A September tradition in southern Kansas that celebrates 300 years of the state’s history might become history itself after this year’s event because of a lack of money and volunteers, organizers said.
The Medicine Lodge Indian Peace Treaty Pageant has drawn thousands of people to the south-central town where the pageant has been held every three to five years since it began in 1927.
But it requires help from nearly all the town’s 2,300 residents and interest in participating has dropped in recent years, The Wichita Eagle reported Monday.
The pageant, held in a natural amphitheater, typically draws between 10,000 and 15,000 visitors from Kansas and across the nation. This year’s will be the 23rd pageant.
The focus is a re-enactment of the signing of an 1867 treaty that was supposed to make traveling safer for those heading to frontier settlements in the West. It’s also one of the largest gatherings of Plains Indians — 15,000 Kiowa, Comanche, Arapaho, Apache and Cheyenne.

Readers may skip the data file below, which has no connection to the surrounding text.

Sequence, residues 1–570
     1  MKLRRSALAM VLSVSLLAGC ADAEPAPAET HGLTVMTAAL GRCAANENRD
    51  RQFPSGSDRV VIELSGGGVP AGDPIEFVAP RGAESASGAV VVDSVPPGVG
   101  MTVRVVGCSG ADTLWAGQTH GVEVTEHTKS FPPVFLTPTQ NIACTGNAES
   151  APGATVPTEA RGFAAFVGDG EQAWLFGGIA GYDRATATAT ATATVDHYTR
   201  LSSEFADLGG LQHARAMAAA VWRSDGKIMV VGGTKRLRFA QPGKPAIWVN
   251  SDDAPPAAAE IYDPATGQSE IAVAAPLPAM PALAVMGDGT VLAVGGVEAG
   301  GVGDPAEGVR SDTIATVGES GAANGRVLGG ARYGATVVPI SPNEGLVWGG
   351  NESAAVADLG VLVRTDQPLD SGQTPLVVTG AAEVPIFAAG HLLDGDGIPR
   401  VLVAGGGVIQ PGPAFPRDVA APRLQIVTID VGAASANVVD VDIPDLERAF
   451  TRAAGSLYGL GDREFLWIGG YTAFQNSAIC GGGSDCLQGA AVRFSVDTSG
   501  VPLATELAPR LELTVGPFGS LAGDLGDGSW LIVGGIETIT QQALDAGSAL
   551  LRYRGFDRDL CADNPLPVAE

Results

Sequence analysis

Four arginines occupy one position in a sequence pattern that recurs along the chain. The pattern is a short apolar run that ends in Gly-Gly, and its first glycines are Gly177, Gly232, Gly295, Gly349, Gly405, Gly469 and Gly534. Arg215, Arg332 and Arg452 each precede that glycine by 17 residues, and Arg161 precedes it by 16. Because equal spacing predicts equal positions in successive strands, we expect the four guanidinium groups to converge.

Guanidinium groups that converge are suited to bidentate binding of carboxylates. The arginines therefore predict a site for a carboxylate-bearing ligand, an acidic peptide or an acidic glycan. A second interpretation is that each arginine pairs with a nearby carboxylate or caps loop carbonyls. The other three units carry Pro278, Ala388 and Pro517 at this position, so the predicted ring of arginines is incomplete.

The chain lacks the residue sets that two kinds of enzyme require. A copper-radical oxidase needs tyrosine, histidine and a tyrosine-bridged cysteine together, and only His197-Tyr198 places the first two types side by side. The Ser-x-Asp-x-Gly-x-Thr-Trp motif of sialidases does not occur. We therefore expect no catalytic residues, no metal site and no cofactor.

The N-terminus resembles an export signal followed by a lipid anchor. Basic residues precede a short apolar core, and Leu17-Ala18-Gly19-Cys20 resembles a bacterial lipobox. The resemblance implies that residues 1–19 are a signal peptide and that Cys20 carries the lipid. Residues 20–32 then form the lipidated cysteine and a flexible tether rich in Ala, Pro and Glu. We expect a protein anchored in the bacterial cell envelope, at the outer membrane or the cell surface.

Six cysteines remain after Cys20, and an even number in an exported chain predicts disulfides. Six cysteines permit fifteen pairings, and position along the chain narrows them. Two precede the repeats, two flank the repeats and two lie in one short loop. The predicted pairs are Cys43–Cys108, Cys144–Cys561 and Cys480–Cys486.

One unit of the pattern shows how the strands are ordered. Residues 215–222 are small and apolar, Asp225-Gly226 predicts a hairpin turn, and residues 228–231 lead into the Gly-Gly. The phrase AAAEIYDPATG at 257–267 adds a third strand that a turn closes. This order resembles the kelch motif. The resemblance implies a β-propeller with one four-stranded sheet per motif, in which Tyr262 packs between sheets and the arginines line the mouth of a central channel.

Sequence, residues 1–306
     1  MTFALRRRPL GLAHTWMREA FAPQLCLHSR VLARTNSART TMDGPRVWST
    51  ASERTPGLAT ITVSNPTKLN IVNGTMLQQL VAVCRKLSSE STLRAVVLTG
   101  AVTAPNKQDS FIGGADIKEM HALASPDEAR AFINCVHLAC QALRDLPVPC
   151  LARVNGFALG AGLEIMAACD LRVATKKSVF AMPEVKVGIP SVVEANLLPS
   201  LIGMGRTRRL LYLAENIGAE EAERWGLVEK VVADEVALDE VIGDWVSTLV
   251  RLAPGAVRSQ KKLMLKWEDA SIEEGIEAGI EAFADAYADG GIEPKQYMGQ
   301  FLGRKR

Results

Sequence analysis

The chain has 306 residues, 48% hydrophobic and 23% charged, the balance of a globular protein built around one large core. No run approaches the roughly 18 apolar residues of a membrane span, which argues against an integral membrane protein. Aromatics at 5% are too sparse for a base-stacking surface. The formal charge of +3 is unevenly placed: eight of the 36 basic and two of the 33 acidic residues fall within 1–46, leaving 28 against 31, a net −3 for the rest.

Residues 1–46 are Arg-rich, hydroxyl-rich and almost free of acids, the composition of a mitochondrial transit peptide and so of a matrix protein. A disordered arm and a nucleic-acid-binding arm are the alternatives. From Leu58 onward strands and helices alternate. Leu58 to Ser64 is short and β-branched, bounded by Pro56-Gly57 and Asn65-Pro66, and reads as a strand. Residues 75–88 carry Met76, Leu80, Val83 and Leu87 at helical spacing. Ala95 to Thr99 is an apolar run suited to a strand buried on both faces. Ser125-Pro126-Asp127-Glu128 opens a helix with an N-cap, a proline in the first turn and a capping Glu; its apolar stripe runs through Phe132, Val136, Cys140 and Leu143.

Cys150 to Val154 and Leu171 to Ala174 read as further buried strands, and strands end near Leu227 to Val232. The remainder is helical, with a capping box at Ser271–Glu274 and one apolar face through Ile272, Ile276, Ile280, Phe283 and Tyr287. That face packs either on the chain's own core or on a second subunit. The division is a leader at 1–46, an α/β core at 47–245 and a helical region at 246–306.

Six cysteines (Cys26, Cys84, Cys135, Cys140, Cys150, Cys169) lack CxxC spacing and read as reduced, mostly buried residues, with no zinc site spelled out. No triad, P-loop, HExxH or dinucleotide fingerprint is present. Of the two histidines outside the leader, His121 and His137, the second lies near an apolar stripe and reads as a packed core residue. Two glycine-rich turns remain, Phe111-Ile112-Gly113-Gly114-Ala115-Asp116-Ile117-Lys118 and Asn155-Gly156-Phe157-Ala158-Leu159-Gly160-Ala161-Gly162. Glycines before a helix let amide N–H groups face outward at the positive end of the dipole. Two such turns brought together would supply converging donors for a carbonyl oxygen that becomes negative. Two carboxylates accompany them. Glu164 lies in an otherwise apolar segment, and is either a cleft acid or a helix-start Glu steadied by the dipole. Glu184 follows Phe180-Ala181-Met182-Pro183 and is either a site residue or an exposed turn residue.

“It is with great sadness that possibly this will be our last one,” wrote Robert Larson, one of the pageant’s board members, in an email to The Eagle. “It has become difficult to get community support and financial assistance to continue this wonderful event, as you probably know once you lose something like this it is almost impossible for a small community to get it back.”
Sara Whelan, the president of the Medicine Lodge Peace Treaty Pageant, said board members voted to resign after this year’s Sept. 23-25 pageant. A community meeting will be held to determine the pageant’s future. Whelan said if new people volunteer to organize the festival, it will continue.
The pageant focuses on 300 years of Kansas and American history, including the Spanish conquistadors who came to the area in the 1500s, frontiersmen, the Lewis and Clark expedition and Indians on horseback.